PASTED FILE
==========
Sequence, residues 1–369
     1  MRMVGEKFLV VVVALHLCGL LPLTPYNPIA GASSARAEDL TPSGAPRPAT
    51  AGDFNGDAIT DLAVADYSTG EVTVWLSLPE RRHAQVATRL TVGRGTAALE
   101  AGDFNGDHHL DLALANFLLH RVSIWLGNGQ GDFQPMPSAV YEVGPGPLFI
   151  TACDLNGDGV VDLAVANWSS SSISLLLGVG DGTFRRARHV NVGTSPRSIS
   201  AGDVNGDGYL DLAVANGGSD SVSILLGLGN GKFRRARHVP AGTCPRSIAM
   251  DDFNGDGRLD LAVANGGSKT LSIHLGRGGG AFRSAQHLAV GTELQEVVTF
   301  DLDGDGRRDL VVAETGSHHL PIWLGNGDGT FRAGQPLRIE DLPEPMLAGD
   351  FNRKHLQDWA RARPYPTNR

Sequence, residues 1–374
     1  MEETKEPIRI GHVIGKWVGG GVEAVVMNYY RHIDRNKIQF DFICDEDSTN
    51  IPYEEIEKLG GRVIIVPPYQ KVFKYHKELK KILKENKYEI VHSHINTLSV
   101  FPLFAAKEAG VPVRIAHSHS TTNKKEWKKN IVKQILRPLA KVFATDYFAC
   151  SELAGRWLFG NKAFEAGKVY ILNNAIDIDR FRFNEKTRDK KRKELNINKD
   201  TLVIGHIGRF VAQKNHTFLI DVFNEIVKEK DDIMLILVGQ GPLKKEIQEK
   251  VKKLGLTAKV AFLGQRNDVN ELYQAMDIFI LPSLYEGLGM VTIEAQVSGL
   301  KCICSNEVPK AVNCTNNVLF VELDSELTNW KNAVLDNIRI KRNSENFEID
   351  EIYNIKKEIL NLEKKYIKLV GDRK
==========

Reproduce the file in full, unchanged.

Sequence, residues 1–369
     1  MRMVGEKFLV VVVALHLCGL LPLTPYNPIA GASSARAEDL TPSGAPRPAT
    51  AGDFNGDAIT DLAVADYSTG EVTVWLSLPE RRHAQVATRL TVGRGTAALE
   101  AGDFNGDHHL DLALANFLLH RVSIWLGNGQ GDFQPMPSAV YEVGPGPLFI
   151  TACDLNGDGV VDLAVANWSS SSISLLLGVG DGTFRRARHV NVGTSPRSIS
   201  AGDVNGDGYL DLAVANGGSD SVSILLGLGN GKFRRARHVP AGTCPRSIAM
   251  DDFNGDGRLD LAVANGGSKT LSIHLGRGGG AFRSAQHLAV GTELQEVVTF
   301  DLDGDGRRDL VVAETGSHHL PIWLGNGDGT FRAGQPLRIE DLPEPMLAGD
   351  FNRKHLQDWA RARPYPTNR

Sequence, residues 1–374
     1  MEETKEPIRI GHVIGKWVGG GVEAVVMNYY RHIDRNKIQF DFICDEDSTN
    51  IPYEEIEKLG GRVIIVPPYQ KVFKYHKELK KILKENKYEI VHSHINTLSV
   101  FPLFAAKEAG VPVRIAHSHS TTNKKEWKKN IVKQILRPLA KVFATDYFAC
   151  SELAGRWLFG NKAFEAGKVY ILNNAIDIDR FRFNEKTRDK KRKELNINKD
   201  TLVIGHIGRF VAQKNHTFLI DVFNEIVKEK DDIMLILVGQ GPLKKEIQEK
   251  VKKLGLTAKV AFLGQRNDVN ELYQAMDIFI LPSLYEGLGM VTIEAQVSGL
   301  KCICSNEVPK AVNCTNNVLF VELDSELTNW KNAVLDNIRI KRNSENFEID
   351  EIYNIKKEIL NLEKKYIKLV GDRK